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Spring Supply Shortage to Coincide with Rising Demand

by 5m Editor
11 January 2010, at 8:12am

UK - Although most pig farmers, especially those with outdoor units, are continuing to struggle with the Arctic weather conditions playing havoc with water supplies, conception rates and pre-weaning mortality, the current icy cloud has had something of a silver lining as far as prices are concerned, writes Peter Crichton in this week's Traffic Lights commentary.

For the first time since June spot quotes have nudged ahead of the DAPP which eased a shade this week to close at 138.28p, but all the clever talk is that from next week on the DAPP should start to rise, reflecting better spot demand.

With lamb trading at up to 450p per kg deadweight and cattle nudging the 300p mark, pork is even more of a bargain buy with deadweight quotes in the 140p region, which is only what it was worth at the end of January last year so plenty of scope for further price rises in the months ahead.

Although some spot buyers opened their quotes at around 136p, those who were short of pigs had to keep moving upward with the result that by the end of the day quotes tended to be in the 138 to 142p range according to specification.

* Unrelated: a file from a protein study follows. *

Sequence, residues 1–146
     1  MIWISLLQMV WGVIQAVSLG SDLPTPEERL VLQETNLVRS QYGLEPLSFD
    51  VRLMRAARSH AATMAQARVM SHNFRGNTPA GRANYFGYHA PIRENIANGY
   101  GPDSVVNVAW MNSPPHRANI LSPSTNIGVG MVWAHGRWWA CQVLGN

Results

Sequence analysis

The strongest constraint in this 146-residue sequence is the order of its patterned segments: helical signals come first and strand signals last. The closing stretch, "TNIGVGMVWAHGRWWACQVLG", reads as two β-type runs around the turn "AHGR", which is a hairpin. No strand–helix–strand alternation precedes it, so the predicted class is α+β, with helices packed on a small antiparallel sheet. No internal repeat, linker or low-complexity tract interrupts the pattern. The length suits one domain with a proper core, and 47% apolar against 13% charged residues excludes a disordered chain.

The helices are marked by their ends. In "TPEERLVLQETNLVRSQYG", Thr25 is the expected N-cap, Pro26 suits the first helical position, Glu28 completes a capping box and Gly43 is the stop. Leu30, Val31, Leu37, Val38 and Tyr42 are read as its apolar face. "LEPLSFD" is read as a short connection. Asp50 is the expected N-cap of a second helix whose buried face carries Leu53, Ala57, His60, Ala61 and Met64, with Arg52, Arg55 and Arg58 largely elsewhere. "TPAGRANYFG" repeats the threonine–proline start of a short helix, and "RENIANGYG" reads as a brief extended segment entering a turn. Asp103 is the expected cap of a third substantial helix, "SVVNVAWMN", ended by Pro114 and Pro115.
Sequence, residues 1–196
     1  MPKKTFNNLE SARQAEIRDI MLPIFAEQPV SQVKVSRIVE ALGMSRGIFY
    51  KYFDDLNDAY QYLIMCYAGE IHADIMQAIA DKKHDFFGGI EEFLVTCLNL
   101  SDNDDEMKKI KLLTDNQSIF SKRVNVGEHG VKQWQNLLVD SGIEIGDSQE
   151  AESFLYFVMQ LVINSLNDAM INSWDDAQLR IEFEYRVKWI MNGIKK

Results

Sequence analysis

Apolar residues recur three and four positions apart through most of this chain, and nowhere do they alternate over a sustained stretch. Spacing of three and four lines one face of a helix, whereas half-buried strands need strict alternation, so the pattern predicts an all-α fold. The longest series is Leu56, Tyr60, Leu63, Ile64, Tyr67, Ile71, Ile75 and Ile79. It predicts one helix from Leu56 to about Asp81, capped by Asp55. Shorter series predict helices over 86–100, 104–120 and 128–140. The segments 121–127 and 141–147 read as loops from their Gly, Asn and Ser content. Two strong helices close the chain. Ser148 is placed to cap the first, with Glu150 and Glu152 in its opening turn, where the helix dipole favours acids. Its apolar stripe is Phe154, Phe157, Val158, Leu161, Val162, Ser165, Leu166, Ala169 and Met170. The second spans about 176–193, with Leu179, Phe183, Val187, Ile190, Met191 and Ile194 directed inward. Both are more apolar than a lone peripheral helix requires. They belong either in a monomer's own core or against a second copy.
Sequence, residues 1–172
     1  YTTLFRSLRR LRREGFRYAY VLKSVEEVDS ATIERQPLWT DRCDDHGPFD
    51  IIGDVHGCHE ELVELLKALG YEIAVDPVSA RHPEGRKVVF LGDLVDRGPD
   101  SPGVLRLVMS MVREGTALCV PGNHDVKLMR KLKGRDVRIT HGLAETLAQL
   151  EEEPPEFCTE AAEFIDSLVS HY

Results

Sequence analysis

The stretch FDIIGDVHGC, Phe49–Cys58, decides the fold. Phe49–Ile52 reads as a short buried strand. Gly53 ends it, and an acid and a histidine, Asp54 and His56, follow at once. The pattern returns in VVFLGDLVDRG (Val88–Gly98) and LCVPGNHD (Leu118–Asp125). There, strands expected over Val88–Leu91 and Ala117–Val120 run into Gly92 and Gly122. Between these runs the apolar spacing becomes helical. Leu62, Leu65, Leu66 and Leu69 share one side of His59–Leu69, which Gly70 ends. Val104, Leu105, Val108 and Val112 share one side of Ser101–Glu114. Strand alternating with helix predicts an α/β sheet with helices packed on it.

The cold snap is already having an effect on the supply chain in the future. This will become much more apparent as we move into the spring when supply shortages coincide with rising retail demand.

Imports however are posing more of a threat to the British market with the European pig industry in very much a glass-half-empty rather than a glass-half-full mode.

With the pound also retaining some of its recent strength and the euro closing worth 89.6p, a rising level of imports may continue to undermine the British market to some extent, although demand for Freedom Food and outdoor-born, high-welfare British pigs remains strong.

The cull sow market continues to provide a more accurate barometer of European Union mainland pig meat prices as a whole with a universal but positive stand-on being quoted today, with weather-related shortages avoiding any further drops in cull sow prices, which have slid a long way from their value of 115p in late August to around 95p today.

Because of the difficult traveling conditions, producers with large numbers of sows were able to obtain premiums of several coppers above this level, but this position may be reversed when/if the thaw appears.

Weaner prices are continuing to harden with the AHDB 30kg ex-farm average now quoted at £49.42 per head and premiums for high-health-jabbed/tail-docked bunches.

With very few finished pigs being rolled or spare supplies in the system, it looks as though (for once) January will remain more of a seller's market than the usual post-Christmas bargain basement sale and demand normally starts to improve once we get into February, which will hopefully be the case again this year.